Wrong. The first game had a clone of the main playable protagonist, Andy. They called him Clone Andy and presumably made players pause so they could gasp in terror. Even if that is technically a spoiler, saying it out of context like this serves more to showcase how silly it truly is, but again, players aren’t here for the story.
A Game of Clever Problem-Solving Even for Returning Players
Despite Advance Wars 1+2: Re-Boot Camp being remakes of 2 20-year-old games, they still have new tricks up their sleeves. This is not only in the new online functionality of the multiplayer, but even a map maker function that is simple, elegant, and lets you create lots of fun skirmishes for others to try.
Not only this, but the completionists will find plenty of substance to this purchase. The campaign missions are varied, if easy to figure out in many cases, and getting an S-Rank is a tantalizing prospect even for returning players or content creators seeking to prove themselves to their audiences.
The story missions, while easy to play in many cases, have a reasonable scale in difficulty, especially with the Challenge Campaign you can unlock. While features like the Fog of War or concealed units can easily be circumvented by moving across the map and canceling until you run into enemies, it’s better to think of this as a layer to the mechanic.
It forces players to be mindful of where the enemy *could* be and to send in essentially a spotter unit before laying down a barrage. Even in mechanics that could be seen as exploitable, it’s better to see this title as a game of clever problem-solving, even for returning players. Approach any mission, be it in a story battle or a shared map, with an open mind like this and you’ll find a game that knows its players, and rewards them for their adaptability.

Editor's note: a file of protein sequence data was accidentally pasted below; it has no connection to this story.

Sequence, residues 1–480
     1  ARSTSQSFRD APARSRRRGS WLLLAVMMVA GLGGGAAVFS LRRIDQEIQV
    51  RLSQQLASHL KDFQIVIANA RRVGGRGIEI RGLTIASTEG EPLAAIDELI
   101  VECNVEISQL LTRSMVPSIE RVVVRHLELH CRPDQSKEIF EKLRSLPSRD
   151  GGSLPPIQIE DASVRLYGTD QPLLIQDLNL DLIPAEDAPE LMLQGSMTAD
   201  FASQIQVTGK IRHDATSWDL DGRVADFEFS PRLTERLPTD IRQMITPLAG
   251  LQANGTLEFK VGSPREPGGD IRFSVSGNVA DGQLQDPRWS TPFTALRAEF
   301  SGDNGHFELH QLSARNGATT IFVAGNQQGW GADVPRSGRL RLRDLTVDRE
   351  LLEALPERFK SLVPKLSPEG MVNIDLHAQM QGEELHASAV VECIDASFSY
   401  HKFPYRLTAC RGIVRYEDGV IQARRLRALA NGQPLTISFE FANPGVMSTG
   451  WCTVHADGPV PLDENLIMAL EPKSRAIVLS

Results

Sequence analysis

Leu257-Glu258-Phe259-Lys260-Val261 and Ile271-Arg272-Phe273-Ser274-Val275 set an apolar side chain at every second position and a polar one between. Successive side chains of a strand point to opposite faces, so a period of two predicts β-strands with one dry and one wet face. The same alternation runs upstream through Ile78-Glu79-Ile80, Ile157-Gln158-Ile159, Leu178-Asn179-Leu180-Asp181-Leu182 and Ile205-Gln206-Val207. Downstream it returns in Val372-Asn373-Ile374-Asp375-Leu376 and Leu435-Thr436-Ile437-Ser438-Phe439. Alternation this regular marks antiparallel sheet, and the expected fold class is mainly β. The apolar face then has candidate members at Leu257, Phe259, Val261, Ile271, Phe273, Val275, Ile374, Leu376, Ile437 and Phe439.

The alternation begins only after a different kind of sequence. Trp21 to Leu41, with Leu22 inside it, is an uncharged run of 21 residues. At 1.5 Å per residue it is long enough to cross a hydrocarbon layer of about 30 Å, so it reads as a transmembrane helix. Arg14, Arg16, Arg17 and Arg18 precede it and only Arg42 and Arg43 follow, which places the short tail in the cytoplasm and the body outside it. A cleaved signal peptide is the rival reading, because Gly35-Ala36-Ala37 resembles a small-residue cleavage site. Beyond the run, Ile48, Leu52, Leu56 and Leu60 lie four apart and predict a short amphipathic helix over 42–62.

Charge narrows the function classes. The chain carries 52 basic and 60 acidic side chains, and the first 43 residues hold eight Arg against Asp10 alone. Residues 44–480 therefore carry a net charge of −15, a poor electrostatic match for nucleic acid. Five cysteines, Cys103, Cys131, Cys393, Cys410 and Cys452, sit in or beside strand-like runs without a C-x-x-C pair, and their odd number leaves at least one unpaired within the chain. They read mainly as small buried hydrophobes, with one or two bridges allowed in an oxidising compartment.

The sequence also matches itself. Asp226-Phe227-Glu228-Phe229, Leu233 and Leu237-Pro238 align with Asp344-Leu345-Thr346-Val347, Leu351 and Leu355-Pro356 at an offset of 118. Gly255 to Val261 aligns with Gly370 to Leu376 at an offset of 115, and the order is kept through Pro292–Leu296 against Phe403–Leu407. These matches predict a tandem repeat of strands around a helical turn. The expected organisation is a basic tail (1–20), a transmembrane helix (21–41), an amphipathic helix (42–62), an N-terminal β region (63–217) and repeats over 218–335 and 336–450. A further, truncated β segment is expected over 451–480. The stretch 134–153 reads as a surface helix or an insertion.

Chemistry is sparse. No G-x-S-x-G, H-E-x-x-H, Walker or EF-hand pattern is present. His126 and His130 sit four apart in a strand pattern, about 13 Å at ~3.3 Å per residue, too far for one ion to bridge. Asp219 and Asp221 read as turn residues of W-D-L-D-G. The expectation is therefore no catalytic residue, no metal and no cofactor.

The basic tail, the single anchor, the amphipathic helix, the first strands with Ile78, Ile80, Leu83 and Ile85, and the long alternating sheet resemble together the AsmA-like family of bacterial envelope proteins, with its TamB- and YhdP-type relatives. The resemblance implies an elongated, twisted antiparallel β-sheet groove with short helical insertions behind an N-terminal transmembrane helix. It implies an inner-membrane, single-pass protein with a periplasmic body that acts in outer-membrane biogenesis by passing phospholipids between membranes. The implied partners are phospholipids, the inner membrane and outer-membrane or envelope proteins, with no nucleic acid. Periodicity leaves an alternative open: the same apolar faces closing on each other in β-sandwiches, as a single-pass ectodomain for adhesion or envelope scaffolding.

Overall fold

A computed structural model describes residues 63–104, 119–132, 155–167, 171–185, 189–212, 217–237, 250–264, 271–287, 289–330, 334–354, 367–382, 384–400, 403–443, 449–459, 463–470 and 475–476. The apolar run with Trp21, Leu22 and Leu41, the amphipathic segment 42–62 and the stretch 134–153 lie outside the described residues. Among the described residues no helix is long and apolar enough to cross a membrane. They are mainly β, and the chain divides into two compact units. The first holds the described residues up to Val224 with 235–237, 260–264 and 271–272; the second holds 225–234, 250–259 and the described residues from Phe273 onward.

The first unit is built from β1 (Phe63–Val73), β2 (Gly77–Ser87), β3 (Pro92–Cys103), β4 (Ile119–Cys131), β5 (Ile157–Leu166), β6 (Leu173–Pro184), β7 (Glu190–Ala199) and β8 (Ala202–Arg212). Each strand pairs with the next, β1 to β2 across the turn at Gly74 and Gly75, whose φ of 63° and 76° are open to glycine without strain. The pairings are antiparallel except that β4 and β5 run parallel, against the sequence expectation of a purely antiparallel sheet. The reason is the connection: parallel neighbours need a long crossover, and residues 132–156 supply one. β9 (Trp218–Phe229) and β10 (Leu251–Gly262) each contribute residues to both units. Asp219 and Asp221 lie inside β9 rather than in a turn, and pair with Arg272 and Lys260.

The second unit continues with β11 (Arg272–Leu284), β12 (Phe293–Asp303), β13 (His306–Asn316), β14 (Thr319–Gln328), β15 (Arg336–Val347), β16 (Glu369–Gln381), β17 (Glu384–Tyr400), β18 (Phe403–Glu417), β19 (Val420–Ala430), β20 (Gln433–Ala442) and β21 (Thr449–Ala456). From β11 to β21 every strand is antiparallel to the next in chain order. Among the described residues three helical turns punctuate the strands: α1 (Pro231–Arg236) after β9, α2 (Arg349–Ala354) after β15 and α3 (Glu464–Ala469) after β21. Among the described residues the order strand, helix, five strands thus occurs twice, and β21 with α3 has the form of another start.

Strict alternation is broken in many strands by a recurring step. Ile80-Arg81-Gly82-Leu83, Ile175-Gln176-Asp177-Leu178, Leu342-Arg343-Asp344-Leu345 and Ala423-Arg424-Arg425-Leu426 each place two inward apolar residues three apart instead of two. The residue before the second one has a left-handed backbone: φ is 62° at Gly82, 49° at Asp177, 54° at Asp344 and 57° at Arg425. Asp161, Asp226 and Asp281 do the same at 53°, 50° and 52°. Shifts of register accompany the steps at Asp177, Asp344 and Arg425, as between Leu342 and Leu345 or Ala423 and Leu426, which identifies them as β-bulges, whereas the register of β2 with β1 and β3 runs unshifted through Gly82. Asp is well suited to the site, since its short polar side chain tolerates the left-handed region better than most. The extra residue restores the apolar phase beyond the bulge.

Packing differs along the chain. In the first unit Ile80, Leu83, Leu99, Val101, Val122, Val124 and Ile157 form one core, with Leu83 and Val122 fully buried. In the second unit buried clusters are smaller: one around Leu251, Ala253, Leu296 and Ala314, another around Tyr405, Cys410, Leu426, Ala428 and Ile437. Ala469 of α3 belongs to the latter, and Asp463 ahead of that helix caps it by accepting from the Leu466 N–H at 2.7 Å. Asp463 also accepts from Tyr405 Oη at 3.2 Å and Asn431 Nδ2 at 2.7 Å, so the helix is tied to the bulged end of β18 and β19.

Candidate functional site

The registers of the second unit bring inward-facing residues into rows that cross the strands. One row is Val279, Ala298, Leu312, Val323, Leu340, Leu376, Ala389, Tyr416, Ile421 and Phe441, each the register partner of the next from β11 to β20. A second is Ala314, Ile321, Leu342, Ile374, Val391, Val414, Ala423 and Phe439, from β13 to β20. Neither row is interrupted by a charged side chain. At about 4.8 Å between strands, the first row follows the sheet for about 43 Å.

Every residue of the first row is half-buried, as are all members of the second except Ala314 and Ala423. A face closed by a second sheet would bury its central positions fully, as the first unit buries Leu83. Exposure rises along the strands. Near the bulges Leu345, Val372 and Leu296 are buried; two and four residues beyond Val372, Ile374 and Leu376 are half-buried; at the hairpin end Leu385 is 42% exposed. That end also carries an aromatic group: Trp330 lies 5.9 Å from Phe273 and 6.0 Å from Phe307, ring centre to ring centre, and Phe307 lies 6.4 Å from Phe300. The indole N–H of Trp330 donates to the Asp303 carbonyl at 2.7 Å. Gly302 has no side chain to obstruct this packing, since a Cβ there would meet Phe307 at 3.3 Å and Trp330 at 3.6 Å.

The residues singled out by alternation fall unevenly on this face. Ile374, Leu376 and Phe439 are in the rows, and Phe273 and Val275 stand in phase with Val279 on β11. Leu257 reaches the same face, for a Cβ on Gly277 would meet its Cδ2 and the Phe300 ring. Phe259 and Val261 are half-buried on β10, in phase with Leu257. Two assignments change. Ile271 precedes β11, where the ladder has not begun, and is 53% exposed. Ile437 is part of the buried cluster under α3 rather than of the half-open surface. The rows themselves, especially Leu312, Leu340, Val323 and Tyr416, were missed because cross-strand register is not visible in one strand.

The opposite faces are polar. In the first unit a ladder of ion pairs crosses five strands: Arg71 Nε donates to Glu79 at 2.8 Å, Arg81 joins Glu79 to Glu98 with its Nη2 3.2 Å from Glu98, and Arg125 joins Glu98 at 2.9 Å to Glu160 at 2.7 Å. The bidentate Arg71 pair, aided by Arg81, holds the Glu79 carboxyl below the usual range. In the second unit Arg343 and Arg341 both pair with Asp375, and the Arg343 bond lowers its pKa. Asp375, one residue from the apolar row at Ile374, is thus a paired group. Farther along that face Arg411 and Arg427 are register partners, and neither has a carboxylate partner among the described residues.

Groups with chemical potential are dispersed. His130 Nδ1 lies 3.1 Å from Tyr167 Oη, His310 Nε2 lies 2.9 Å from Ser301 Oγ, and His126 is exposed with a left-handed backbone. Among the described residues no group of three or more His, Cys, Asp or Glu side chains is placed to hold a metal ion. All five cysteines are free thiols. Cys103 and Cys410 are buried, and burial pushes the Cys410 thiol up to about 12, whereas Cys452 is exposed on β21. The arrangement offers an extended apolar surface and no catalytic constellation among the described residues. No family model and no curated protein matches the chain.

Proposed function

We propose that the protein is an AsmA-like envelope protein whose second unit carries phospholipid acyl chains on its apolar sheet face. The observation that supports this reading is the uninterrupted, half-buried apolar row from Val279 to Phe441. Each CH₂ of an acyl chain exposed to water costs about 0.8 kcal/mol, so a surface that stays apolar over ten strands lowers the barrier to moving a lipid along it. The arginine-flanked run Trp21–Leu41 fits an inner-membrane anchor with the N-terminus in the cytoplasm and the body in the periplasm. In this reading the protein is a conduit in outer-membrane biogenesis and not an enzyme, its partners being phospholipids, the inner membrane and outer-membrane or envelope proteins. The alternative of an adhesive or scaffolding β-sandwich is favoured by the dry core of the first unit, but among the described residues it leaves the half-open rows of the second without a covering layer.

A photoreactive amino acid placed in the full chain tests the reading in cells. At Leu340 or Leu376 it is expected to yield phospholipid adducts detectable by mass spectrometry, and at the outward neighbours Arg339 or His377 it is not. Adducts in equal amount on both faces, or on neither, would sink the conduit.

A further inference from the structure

New Coat of Paint, Same Gold Star
The characters are essentially the same, albeit given voiceover work. They’re drawn and brought more lovably to life than ever before, with Max being easily goaded into confrontations, Olaf being a tenacious and impulsive buffoon, and Andy being an adorable greenhorn quick to rise to the challenge. Seeing their characters embodied from their CO powers to their animations, and even their armies and how they play, feels incredibly satisfying and faithful.
I was cautious when I heard a franchise from my beloved Intelligent Systems was being remade by a different studio, but WayForward was a strong fit in this case. Their remake allows the old classic GBA feel to remain present, with the maps feeling similar to a gorgeously laid-out tabletop with your customized, favorite units being given a much-needed visual upgrade. It feels like you’re laying out your models for battle, given a new coat of paint, but in the case of Andy and his friends, that same Gold Star.
There are lots of drawbacks to this game, however. Despite the overall bang for your buck, and lack of having to pay for unlockable content (remember when this was the norm?) the game has a weak story and predictable Nintendo-sized gaps in its online features, like no matchmaking for Online Versus mode. You’ll actively need to seek out other players instead of the game doing the work for you, which does seem oddly limited.
Advance Wars 1+2: Re-Boot Camp isn’t a perfect title on its own merits, but it’s addictive, stylish, and fun. The wonderful characters make up for an uninteresting and predictable plot. It’d be great to see more Advance Wars and other Wars titles make their way over to the system, but adding matchmaking for online play would be a must. It would also be nice to get a more compelling story, given how much time is required to complete each campaign, instead of it feeling like an overly-long primer on the game’s mechanics and playable COs.
This game was reviewed using a copy of the game provided by the game's publisher,public relations company, developer or other for the express purpose of a review.
- This article was updated on May 9th, 2023